Consider the following moral dilemma:
You are at your best friend’s wedding just an hour before the ceremony is to start. Earlier that day, you came across definitive proof that your best friend’s spouse-to-be is having an affair with the best man/maid of honor, and you catch them sneaking out of a room together looking disheveled. If you tell your friend about the affair, their day will be ruined, but you don’t want them to marry a cheater. What do you do? (x)
In this situation, it is important to be fully understanding of each individual relevant in the matter. What you say to or do with each participating individual must be fully reasoned and thought out. Although I have personal obligations to my best friend—and am perhaps obligated to better consider my friend’s emotions and values—I must also take into full consideration the emotions and values of the cheater. For how would I be solving anything if I were biased to the extent that all I seek to do is maintain our friendship? Precisely because I care for my friend, I ought to take other factors into consideration.
For instance, I must ask, why does the cheater cheat? Perhaps, when I find the root of the conflict, I realize that it was not the cheater at fault; rather, it was my friend who had prompted the action. And when I realize that the fault rested more on the collective emotions and beliefs of my friend (rather than those of the cheater), I must then take this into significant consideration when deciding on what to do in the matter.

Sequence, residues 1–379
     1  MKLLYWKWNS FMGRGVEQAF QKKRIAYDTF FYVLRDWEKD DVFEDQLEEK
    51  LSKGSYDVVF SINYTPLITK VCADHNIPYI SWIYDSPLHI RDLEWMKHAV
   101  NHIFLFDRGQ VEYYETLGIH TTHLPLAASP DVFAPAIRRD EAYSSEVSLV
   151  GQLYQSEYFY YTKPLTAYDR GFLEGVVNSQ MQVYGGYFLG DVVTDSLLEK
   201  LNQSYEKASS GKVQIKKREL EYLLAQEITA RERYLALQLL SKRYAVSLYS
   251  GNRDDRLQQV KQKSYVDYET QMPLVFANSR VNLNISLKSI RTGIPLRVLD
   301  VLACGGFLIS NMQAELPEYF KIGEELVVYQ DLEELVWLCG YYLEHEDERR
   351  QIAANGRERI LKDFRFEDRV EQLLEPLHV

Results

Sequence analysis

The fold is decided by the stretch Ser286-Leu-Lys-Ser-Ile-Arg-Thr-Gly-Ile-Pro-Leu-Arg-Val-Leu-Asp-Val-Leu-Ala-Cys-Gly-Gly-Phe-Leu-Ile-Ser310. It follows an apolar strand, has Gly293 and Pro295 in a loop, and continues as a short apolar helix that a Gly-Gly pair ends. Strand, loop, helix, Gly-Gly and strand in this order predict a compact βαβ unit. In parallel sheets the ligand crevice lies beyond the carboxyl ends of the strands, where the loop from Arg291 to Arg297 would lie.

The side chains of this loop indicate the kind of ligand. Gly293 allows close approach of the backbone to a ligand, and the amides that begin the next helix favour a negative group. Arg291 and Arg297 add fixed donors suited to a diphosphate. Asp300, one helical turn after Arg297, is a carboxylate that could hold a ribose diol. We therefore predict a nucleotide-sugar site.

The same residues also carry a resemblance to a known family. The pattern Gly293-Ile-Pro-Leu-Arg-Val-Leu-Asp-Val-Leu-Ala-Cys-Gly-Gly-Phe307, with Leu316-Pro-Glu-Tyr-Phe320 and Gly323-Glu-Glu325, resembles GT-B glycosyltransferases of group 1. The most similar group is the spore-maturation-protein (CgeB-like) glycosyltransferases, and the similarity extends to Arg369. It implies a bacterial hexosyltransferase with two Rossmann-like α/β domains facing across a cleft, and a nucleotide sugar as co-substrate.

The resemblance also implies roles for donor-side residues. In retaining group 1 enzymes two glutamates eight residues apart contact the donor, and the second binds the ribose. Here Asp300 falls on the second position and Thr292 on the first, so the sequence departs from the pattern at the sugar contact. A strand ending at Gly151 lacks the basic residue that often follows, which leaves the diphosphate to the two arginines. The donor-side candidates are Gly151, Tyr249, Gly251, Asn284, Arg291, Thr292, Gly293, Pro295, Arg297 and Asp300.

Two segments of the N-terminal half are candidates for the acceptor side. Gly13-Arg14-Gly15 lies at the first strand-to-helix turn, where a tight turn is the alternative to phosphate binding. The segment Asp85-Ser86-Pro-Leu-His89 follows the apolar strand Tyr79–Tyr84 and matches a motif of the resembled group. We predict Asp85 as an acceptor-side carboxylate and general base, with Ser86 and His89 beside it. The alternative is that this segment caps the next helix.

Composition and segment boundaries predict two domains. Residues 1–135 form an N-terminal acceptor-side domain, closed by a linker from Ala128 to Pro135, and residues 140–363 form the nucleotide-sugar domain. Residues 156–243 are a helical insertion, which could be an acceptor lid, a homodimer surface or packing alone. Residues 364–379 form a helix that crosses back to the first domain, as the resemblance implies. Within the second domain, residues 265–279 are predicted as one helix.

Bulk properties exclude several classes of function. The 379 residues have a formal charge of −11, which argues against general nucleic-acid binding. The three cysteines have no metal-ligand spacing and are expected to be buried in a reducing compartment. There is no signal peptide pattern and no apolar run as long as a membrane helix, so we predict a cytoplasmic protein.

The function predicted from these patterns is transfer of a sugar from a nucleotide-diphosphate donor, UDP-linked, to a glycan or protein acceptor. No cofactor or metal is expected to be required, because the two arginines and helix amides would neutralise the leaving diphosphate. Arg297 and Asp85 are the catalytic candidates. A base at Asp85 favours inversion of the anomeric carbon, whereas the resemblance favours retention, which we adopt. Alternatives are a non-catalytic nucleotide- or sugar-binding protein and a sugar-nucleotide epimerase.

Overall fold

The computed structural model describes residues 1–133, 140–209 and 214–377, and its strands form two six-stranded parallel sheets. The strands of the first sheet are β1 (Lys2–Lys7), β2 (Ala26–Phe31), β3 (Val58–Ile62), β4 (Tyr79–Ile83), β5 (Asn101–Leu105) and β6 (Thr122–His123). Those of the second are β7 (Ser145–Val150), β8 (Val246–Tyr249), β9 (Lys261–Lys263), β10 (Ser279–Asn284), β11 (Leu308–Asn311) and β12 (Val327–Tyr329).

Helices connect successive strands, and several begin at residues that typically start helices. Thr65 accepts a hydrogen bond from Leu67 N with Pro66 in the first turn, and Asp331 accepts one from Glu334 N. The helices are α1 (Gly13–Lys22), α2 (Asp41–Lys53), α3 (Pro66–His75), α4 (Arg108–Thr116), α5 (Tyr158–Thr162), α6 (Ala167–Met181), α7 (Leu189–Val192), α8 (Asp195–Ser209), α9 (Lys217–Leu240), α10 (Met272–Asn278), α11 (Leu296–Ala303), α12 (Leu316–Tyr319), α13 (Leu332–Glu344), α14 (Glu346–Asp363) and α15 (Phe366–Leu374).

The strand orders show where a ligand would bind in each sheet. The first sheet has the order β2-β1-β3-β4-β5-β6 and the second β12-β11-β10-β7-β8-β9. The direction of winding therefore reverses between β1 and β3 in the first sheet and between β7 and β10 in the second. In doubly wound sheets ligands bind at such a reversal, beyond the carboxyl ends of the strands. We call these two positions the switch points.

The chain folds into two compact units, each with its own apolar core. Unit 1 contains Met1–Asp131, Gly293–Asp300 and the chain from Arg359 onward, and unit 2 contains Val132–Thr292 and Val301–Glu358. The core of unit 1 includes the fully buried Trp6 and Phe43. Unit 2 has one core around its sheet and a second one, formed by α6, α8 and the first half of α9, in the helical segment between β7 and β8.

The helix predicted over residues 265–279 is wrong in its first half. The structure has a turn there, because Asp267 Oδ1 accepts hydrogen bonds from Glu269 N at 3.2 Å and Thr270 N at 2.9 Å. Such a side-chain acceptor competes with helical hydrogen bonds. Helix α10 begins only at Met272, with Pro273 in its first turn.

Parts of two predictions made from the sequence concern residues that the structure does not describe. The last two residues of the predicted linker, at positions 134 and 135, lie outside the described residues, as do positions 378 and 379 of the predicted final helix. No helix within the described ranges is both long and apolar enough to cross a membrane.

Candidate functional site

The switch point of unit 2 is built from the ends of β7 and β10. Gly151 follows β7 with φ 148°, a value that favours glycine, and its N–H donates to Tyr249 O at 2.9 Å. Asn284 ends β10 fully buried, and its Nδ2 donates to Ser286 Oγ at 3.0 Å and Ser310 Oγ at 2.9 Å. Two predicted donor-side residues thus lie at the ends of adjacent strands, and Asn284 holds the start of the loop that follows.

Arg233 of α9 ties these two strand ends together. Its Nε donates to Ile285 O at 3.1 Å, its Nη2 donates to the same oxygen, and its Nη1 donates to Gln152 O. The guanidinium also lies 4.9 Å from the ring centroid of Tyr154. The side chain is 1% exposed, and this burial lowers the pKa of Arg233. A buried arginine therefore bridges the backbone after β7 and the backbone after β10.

Fault, further, must be attributed to a certain aspect of my friend’s character. If I find that the fault belonging to my friend, and which has caused the cheater to cheat, may be detrimental to my friend in the long run, I must take action to remedy it. Even if it requires acquitting myself to some cruelties. Even if it requires telling her of the atrocity done to my friend by the cheater, given that doing so is the best course of action to take. But in seeking to remedy it, I must again be considerate and caring in my manner of doing so. For if my friend sees that I am lecturing her, and she has been offended from me doing so, my attempts to remedy anything become fruitless. This is where empathy plays a critical role. What sort of countenance must I adapt in order to persuade my friend towards bettering her character, and directing her more towards the good?
Additionally, I must take into consideration the limitations of my own powers and ability to control the situation myself. How much control, if any, do I have in directing any participating and relevant individuals towards the ideal outcome? Because I have such limitations, I ought to realize the extent of my abilities. The extent of my abilities therefore determine the extent to which I have the obligation to take action. If a situation in which all action I take are ultimately fruitless (though unlikely, as often most actions we take have some morally significant effect on at least one individual relevant to any moral dilemma), I ought, morally, to care, but I ought not to feel obligated to take any action.